We should not overlook the possibility that life processes might have evolved in different ways on other planets. A functional genetic system, capable of accumulating and replicating changes and thus of adaptation and evolution, could theoretically evolve from molecules other than carbon, hydrogen, nitrogen, and oxygen in a different environment. Silicon, like carbon, needs four electrons to fill its outer energy level, and ammonia is even more polar than water. Perhaps under radically different temperatures and pressures, these elements might form molecules as diverse and flexible as those carbon has formed on earth.
The universe has 102 (100,000,000,000,000, 000,000) stars similar to our sun. We don’t know how many of these stars have planets, but it seems increasingly likely that many do. Since. 1996, astronomers have been detecting planets orbiting distant stars. At least 10% of stars are thought to have planetary systems. If only 1 in 10,000 of these planets is the right size, and at the right distance from its duplicate the conditions in which life originated on earth, the “life experiment” will have been repeated 1015 times (that is, a million billion times). It does not seem likely that we are alone.
A dull gray chunk of rock collected in 1984 in Antarctica ignited an uproar about ancient life on Mars with the report that the rock contains evidence of possible life. Analysis of gases trapped within small pockets of the rock indicate it is a meteorite from Mars. It is, in fact, the oldest rock known to science-fully 4.5 billion years old. Evidence collected by the 2004 NASA Mars mission suggests that the surface, now cold and arid, was much warmer when the Antarctic meteorite formed 4.5 billion years ago, that water flowed over its surface, and that it had a carbon dioxide atmosphere-conditions not too different from those that spawned life on earth.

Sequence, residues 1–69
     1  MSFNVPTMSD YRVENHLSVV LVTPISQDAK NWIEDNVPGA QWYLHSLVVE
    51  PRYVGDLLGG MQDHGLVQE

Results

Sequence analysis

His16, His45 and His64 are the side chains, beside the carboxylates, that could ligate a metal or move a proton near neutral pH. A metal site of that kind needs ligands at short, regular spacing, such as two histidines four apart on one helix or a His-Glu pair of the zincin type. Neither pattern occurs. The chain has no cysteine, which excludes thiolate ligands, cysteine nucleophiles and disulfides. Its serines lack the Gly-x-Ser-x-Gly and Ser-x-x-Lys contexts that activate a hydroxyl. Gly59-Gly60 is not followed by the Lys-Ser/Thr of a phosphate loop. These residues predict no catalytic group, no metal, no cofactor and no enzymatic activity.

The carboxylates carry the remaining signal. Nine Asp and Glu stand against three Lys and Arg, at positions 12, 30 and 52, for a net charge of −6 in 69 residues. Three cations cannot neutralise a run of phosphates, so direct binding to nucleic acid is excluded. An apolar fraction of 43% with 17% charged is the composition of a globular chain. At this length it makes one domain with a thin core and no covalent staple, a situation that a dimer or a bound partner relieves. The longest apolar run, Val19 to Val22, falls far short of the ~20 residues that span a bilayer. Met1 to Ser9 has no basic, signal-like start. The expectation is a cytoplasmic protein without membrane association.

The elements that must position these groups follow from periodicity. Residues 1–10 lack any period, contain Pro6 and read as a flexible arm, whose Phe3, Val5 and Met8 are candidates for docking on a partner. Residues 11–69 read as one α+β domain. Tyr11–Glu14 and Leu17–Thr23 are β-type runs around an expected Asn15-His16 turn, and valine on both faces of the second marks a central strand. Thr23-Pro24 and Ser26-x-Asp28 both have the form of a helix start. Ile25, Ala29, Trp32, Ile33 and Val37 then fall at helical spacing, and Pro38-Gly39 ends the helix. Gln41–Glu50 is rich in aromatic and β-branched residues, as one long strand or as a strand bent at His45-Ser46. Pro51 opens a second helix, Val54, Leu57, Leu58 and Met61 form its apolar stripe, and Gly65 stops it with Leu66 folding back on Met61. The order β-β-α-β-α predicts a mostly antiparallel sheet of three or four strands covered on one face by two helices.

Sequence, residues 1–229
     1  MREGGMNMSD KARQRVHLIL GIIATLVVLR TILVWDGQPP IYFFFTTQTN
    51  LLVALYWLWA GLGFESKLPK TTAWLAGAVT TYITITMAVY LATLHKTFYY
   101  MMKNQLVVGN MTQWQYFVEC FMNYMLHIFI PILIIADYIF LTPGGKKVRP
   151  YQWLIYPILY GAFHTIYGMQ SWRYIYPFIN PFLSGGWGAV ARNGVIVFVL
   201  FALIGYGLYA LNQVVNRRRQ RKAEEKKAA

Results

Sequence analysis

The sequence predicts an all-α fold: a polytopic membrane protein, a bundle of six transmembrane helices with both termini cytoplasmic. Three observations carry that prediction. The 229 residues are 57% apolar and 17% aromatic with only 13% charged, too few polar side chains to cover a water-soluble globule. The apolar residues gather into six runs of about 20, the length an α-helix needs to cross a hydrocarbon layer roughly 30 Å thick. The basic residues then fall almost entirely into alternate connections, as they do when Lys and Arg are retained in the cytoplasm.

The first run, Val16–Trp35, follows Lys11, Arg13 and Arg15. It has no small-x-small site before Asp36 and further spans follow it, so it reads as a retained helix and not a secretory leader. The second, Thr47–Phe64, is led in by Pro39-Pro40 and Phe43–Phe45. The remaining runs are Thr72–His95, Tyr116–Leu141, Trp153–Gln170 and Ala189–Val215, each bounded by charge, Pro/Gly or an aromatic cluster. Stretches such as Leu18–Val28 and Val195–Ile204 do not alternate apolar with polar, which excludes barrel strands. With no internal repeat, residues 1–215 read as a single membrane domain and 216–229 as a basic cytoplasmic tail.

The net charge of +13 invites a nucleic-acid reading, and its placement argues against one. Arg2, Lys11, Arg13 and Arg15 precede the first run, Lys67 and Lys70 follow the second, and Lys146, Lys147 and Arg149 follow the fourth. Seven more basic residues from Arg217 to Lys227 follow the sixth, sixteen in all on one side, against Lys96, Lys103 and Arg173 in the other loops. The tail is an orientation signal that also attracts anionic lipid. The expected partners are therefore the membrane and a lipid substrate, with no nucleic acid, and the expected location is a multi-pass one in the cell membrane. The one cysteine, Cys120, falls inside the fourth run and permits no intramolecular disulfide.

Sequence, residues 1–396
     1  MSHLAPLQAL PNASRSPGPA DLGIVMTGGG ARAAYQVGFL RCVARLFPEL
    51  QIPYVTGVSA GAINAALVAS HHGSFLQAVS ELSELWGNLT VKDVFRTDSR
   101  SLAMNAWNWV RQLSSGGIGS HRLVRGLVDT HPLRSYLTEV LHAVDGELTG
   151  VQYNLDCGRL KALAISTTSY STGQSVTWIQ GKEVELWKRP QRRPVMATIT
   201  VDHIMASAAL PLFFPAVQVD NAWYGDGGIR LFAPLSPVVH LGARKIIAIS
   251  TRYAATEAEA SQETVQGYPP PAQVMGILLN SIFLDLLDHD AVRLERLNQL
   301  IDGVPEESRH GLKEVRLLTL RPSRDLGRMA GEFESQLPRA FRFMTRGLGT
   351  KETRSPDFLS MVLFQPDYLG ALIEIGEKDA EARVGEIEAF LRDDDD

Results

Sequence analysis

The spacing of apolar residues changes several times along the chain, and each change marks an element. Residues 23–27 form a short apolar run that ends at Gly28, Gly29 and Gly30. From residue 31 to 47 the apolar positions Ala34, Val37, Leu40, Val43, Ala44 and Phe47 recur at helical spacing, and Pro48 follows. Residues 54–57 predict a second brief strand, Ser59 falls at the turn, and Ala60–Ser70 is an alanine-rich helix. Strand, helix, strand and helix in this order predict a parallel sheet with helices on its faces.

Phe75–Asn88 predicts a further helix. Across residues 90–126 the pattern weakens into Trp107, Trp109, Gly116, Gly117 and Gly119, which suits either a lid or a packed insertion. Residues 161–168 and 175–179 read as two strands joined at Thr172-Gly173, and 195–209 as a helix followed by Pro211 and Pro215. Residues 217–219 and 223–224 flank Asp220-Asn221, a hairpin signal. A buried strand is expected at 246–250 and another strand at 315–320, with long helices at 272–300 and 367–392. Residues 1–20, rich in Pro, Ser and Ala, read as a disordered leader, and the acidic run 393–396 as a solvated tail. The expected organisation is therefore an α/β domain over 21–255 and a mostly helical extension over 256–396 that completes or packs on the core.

When examined with powerful electron microscopes, carbonate patches within the meteorite exhibit what look like microfossils, some 20 to 100 nanometers in length. One hundred times smaller than any known bacteria, it is not clear they actually are fossils, but the resemblance to bacteria is striking.
Viewed as a whole, the evidence of bacterial life associated with the Mars meteorite is not compelling. Clearly, more painstaking research remains to be done before the discovery can claim a scientific consensus. However, while there is no conclusive evidence of bacterial life associated with this meteorite, it seems very possible that life has evolved on other worlds in addition to our own.
There are planets other than ancient Mars with conditions not unlike those on earth. Europa, a large moon of Jupiter, is a promising candidate. Europa is covered with ice, and photos taken in close orbit in the winter of 1998 reveal seas of liquid water beneath a thin skin of ice. Additional satellite photos taken in 1999 suggest that a few miles under the ice lies a liquid ocean of water larger than earth’s, warmed by the push and pull of the gravitational attraction of Jupiter’s many large satellite moons. The conditions on Europa now are far less hostile to life than the conditions that existed in the oceans of the primitive earth. In coming decades, satellite missions are scheduled to explore this ocean for life.